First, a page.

The European Forum for the Study of Religion and Environment

in association with the Lincoln Theological Institute

and the Jean Monnet Centre of Excellence


is pleased to announce its sixth international conference:


Religion, Materialism and Ecology

to be held at The University of Manchester, UK

Date: Cancelled



Update: Coronavirus statement

 It is with great regret that the conference committee announces that this conference has been cancelled.

We plan to discuss whether or not to reschedule the conference. If the conference is rescheduled, we will write to all those who expressed an interest in this conference to advise of the new date.

Those who have registered will be contacted by e mail with instructions on how to claim a refund. 


For and on behalf of the conference committee



Information on travelling to the University of Manchester is HERE
The conference venue is the Ellen Wilkinson Building, see the campus interactive map
Information on hotels in Manchester, grouped by price, is HERE
The conference DRAFT programme is HERE





Rachel Armstrong (Newcastle University, UK)

Architecting Zoë: On Haunting Homes

Whitney Bauman (Florida International University, and Berlin)

Developing a Critical Planetary Romanticism (CPR) for the Earth

Bruno Latour (Sciences Po, Paris)

Down to earth as an occasion to review the meaning of incarnation 

 Erik Swyngedouw (University of Manchester, UK) 

Interrupting the Anthropo-(Ob)Scene:  The Depoliticized Politics of the Anthropocene as Immuno-biopolitical Fantasy  

Linn Marie Tonstad (Yale University)



Mary Keller, Yianna Liatsos, Carol Wayne White: States of Smallness

Richard Carp, Todd LeVasseur, Paul Pule, Lisa Sideris: Gases--Glaciers--Poetics


Click HERE to see the short papers 





On behalf of the Conference committee:

Peter Scott, The University of Manchester

Sigurd Bergmann, Norwegian University of Science and Technology, Trondheim

Whitney Bauman, Florida International University, and Berlin

Roberto Chiotti, Larkin Architect Limited, Toronto

Catherine Rigby, Bath Spa University


Religion, Materialism and Ecology

Because of changes brought about by, among other things, a warming climate, there has been a revival in materialism. Although there is little agreement on what ‘materialism’ means, this revival is certainly a reaction against a widespread instrumentalism regarding ‘dead matter’. At the very least, its resurgence relates to the return of non-human nature—if indeed nature ever left. The core aim of many of these materialisms is to understand matter in more animated and active ways—a sort of Romantic turn or an undoing of the postmodern end of nature. Options here include the “new materialism” (Bennett, Barad), speculative realism (Morton), and ‘actor-network theory’ (Latour). This has led to many objections from the ‘old’ materialists (i.e. Marxists) who understand nature more in terms of a factor in production and may be more cautious about ascribing agency to nature (Malm). There have also been constructive developments regarding materialism within Marxism such as metabolic rift theory (John Bellamy Foster, Paul Burkett). Feminist theorists (Haraway, for example) have been addressing the issue of materialism already especially in relation to animal and technology studies. At issue are a range of issues, including hierarchy, the nature of relationality, the relation between nature and society, human and other agencies, and ‘world picture’. The conference will aim to explore some of these new developments, including how materialist issues impinge upon religious traditions and the extent to which religions are already materialist and so have a creative contribution to make to debates about ecological materialisms.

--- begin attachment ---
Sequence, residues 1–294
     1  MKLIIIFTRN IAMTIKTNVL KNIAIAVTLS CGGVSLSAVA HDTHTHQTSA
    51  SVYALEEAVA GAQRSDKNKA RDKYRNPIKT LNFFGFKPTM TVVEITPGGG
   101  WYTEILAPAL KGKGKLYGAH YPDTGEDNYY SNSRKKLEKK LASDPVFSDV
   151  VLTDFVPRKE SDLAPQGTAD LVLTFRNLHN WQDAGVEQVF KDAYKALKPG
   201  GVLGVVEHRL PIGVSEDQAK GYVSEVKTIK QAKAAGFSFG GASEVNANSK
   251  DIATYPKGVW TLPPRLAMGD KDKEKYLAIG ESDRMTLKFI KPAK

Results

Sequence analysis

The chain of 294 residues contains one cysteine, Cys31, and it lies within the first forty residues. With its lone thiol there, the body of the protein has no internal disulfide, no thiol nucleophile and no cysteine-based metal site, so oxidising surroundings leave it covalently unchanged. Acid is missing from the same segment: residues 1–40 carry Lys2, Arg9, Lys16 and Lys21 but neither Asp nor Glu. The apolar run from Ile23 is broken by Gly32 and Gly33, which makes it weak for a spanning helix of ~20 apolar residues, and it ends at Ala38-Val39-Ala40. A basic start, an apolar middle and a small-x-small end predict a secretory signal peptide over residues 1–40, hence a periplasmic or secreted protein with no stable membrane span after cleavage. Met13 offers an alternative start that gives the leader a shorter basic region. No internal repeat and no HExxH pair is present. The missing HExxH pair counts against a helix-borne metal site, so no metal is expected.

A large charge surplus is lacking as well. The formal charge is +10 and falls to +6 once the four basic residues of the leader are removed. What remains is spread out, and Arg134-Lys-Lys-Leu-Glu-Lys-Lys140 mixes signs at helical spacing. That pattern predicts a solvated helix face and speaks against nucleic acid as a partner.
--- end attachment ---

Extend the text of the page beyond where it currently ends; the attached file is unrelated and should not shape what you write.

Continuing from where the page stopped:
See the Announcement also at the Lincoln Theological Institute.

This symposium is hosted by the Finding Common Ground research project in the School of Divinity at the University of Edinburgh. It is co-sponsored by the European Forum for the Study of Religion and the Environment and the European Churches Environmental Network.



Find the program here.



18 May to 20 May 2017 

in Edinburgh

"Religion in Environmental Activism"




The Conference committee: 


  • Michael Northcott, Edinburgh University
  • Jeremy Kidwell, Edinburgh University 
  • Celia Deane-Drummond, University of Notre Dame
  • Sigurd Bergmann, Norwegian University of Science and Technology